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I will not take my full six minutes. I merely want to touch on two separate components of this Bill: the proposed employment levy on immigrant workers, and the availability of bank accounts and driving licences for failed immigration applicants.
I fear this Bill, and these particular sections, will only fuel the misconceptions that surround immigration. They risk tarring every immigrant with the same ill-informed brush. Worse still, they risk disfranchising many UK citizens, purely on the basis that they may have a foreign- sounding name, a bank account and, heaven forbid, a driving licence and a car. This, of course, may not be the intention of the Bill—I hope it is not—but it is the unintended consequences which concern me, and we in this place should be alive to them.
This Bill creates powers to impose an immigration skills charge on employers for skilled workers they sponsor from outside the EU. I would prefer to call it the “immigrant tax” to be paid by small and medium-sized enterprises, a potentially devastating combination. This provision will deter employers from employing people from outside the EU. We will see genuinely skilled migrants, many of whom might even have a world-class education from one of our universities in the UK or Scotland, slip through our fingers. The message it sends out is clear: immigrants are considered different, more expensive—unwanted. It flies in the face of substantial empirical and personal evidence which outlines the greatly positive fiscal and social contribution immigrants have made to the UK—it is not, as the Home Secretary said at the weekend, close to zero.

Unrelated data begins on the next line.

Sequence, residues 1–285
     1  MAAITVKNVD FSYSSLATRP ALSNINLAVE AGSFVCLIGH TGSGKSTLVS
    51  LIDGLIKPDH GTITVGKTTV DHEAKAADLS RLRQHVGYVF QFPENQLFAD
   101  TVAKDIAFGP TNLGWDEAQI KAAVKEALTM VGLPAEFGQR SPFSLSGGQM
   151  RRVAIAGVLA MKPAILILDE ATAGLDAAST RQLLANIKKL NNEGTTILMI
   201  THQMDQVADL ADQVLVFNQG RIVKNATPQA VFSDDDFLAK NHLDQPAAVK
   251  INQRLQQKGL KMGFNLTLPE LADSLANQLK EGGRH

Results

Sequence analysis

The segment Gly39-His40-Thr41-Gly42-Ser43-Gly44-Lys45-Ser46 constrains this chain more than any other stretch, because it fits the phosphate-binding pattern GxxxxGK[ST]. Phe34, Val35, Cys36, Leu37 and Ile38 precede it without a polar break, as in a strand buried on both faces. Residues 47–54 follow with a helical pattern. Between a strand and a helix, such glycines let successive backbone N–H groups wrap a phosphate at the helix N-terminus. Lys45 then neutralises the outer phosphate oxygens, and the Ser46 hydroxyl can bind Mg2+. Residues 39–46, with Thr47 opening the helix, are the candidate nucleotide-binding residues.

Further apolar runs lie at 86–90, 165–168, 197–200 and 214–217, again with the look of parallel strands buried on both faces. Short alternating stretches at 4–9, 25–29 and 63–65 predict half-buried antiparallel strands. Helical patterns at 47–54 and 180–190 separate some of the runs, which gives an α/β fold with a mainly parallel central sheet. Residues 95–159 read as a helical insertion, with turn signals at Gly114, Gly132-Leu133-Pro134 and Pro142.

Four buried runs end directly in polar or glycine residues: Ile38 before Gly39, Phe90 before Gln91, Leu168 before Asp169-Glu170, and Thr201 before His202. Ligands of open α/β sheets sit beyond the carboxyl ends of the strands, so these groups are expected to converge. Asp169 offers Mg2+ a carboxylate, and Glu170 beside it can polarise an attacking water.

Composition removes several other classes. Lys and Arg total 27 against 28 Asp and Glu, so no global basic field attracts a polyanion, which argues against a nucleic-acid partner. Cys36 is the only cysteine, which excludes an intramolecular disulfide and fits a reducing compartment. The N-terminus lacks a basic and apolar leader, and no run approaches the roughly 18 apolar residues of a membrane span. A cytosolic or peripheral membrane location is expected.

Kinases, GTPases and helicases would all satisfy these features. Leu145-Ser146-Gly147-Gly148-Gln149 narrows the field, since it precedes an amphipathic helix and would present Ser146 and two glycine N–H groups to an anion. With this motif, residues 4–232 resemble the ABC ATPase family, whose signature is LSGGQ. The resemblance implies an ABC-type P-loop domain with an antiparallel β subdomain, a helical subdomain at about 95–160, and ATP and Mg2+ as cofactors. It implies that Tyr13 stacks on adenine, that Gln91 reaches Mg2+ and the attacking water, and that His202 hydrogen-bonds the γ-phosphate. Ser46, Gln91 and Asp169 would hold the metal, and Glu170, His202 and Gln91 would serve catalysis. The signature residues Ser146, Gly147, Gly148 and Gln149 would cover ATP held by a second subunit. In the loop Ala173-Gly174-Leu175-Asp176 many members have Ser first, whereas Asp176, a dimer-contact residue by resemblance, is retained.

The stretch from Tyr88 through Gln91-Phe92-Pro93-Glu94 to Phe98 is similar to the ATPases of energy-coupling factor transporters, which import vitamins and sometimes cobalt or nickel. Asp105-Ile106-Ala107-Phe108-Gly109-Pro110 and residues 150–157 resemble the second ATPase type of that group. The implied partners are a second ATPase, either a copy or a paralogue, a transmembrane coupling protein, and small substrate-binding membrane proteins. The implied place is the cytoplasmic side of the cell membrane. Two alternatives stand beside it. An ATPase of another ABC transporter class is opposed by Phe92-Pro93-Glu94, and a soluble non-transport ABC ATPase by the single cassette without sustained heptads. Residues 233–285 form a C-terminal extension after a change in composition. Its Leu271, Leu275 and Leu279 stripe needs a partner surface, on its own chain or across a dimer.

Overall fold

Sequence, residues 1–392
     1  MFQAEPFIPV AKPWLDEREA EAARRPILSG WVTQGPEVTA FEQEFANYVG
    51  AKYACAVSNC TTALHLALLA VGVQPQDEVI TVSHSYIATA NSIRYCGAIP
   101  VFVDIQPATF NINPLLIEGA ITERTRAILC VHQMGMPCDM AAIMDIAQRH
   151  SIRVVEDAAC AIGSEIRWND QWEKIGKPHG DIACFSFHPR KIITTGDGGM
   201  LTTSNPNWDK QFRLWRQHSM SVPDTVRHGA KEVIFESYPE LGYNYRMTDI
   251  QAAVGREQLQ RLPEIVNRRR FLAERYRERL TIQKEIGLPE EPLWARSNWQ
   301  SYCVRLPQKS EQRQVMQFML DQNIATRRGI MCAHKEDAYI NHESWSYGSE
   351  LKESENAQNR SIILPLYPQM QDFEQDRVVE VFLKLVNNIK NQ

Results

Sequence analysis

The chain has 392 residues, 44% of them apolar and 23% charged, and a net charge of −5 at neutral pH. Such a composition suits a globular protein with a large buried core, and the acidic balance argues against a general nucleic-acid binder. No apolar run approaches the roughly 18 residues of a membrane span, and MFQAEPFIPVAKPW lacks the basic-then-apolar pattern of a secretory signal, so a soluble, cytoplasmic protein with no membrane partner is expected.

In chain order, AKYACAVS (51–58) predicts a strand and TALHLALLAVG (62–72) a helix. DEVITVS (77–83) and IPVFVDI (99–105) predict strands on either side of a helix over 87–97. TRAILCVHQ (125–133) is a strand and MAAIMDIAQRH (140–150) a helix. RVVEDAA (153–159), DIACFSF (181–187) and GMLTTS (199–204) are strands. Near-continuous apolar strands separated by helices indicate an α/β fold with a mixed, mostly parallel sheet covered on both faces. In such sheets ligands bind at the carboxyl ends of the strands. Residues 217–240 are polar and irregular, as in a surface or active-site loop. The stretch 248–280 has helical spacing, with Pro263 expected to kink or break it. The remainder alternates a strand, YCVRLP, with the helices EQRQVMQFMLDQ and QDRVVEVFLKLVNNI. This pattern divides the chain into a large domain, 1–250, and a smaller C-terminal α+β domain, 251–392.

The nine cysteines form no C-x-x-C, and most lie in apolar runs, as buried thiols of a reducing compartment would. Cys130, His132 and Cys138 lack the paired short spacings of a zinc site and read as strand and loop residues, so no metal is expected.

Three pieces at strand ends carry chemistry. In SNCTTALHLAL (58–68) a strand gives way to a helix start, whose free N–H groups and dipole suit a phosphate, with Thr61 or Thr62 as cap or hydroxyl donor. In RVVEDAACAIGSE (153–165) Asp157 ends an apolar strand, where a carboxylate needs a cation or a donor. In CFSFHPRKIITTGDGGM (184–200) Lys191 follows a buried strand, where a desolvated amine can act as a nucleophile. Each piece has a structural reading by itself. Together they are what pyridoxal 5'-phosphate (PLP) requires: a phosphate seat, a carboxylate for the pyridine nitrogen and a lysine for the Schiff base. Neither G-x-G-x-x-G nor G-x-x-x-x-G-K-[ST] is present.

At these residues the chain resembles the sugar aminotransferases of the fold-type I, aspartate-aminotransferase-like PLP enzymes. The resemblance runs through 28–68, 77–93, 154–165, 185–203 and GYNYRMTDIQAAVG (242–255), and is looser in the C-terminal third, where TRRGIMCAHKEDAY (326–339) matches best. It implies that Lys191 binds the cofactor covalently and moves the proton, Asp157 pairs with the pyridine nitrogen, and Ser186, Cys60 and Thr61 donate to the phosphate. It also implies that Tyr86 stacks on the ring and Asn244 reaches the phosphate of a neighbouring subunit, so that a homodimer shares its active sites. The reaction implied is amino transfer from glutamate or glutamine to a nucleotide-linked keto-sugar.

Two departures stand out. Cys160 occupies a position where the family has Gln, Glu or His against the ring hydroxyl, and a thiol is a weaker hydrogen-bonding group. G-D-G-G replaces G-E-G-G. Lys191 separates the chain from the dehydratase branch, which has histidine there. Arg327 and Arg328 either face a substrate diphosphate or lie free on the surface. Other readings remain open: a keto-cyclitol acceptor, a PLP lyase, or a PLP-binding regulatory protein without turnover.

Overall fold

I fear we would not have an NHS had this policy been implemented a generation ago. What will the next generation look like? This is unacceptable at a time when the country as a whole should be tasked with innovating and expanding its ambitions. We can only do this if we welcome thinkers and innovators from outside our shores, as well as supporting those inside them.